Movember - a combination of the words “moustache” and “November” - has arrived and aims to shine a light on men’s health issues, including mental health challenges. The annual event encourages men to take part by not shaving their facial hair throughout the month of November.
In conjunction with Movember, the British Association for Counselling and Psychotherapy (BACP) has released new data that shows more than half (52%) of therapists have seen an increase in cases of depression in men over the past year.
But while more men are struggling with their mental health, 56% of therapists agree that men are less likely to get mental health support than women. In addition, 47% reported that men are more likely to be sceptical about the benefits of therapy compared to women.
Experts fear that this means many men are suffering with their mental health in silence, with societal pressures and stigma around mental health a likely reason for this.
The BACP also found that symptoms of depression may be different between men and women. Half of therapists reported that, aside from the more commonly recognised symptoms like feeling low, men tend to present with symptoms like risk-taking, anger, isolation, substance abuse, and exhaustion - known as the R.A.I.S.E apronym.
They warned that depression in men may often go unnoticed if people don’t know what signs to look for and aren’t aware that these behaviours could indicate a person is suffering from depression.
The organisation has released a new booklet and online guide to help men spot these symptoms and offers guidance on how to manage them. It also aims to help support and encourage men to seek therapy.
What is R.A.I.S.E?
R.A.I.S.E is an acronym coined by the BACP to raise awareness of lesser-known symptoms of depression that men present with. These include:
Taking big risks and thrill-seeking behaviours can be a sign of depression in men who may consider themselves to have an “uninteresting life”, the BACP says on its online guide. This behaviour can manifest in impulsivity, violence, anti-social or bravado-associated behaviours, and lack of concern for safety for themselves and others.
While anger is not an inherently bad emotion, as it allows people to express negative feelings and find solutions to problems, men tend to be more prone to “types of anger that discourage emotional expression, leading them to suppress feelings until they boil over”. This can lead to men displaying aggressive stances such as clenched fists and raised voices, risky behaviour like substance abuse or reckless driving, and violence if the anger goes unmanaged.
If a man begins withdrawing from his loved ones and choosing to spend more time alone, it may be a sign they are struggling with their mental health. Isolation is characterised by “a sense of loneliness, disconnection, and withdrawal from social interactions”.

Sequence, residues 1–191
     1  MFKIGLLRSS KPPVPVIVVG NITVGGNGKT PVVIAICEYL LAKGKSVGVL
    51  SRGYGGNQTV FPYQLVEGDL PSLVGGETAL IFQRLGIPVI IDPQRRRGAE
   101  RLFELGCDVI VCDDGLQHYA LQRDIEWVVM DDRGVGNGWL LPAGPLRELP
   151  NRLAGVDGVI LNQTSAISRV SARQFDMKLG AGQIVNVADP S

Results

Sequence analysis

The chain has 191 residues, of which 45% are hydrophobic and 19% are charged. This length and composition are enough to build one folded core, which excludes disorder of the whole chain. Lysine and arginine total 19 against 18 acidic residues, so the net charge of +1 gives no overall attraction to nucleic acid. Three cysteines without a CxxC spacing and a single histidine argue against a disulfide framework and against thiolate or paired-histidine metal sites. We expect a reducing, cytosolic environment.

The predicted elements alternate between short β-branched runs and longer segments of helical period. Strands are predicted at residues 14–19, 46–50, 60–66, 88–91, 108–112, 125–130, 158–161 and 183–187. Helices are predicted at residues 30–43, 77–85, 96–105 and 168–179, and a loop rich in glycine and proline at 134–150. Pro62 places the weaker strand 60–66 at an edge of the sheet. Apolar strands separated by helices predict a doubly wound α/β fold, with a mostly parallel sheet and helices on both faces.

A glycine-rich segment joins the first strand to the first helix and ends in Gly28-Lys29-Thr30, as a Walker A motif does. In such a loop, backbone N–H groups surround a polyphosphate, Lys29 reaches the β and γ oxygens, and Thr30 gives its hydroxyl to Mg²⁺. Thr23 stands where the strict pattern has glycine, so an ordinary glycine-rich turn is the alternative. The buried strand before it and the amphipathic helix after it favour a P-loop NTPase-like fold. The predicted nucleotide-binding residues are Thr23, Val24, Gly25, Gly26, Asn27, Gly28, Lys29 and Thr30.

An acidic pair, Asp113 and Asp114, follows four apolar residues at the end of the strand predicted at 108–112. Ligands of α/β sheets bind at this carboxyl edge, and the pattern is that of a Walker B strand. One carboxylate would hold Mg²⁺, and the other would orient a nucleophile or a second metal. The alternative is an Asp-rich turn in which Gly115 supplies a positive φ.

When struggling with their feelings, men can sometimes turn to self-medication in order to “avoid, block or enhance” it, which can be a “trauma-triggering coping strategy” that helps them avoid facing the real problem, according to the BACP. Substance abuse can start “as seemingly innocent”, but “can quickly become unwanted, problematic and painful”.
Aside from feeling sad or low, depression often also manifests as a physical lack of energy, which can be caused by a lack of sleep, change in routine, or other stress factors. Men with depression may experience burnout from work, a decline in interest in activities they normally love or keeping up with their day-to-day routines, and irregular sleeping patterns.
How can therapy help men?
Seeking therapy is important for men who are struggling with their mental health as it can help them understand their situation better and open up about what they are facing. Talking to a therapist gives men the opportunity and space to understand and explore their thoughts, feelings and behaviours, as well as provide them with tools they need to cope and live better.
Ewan Irvine, BACP trustee and therapist, said: “It can be mentally and physically exhausting for men when they carry burdens around, believe they shouldn’t cry and feel they should always be the strong ones.
“We know that sometimes men find that substance abuse, such as alcohol and drugs, have in some way lessened feelings of anger and isolation, but in reality, these make matters worse. It’s crucial men can recognise these symptoms of depression and understand that it’s OK not to be OK.”
He adds: There’s a strength in reaching out for help. Taking that first step may not be easy, but counselling can be transformative. It’s a safe space built on trust, confidentiality and is without judgement and allows men that time centred on them to talk about their own issues and problems.”
Read more about male mental health:
How to spot the signs of male depression and address it (Yahoo Life UK, 6-min read)
Will Poulter: ‘Within the Male Community, Mental Health is Especially Stigmatised’ (Men's Health UK, 2-min read)
Local man's story inspires pub to launch men's mental health group (Lancashire Telegraph, 2-min read)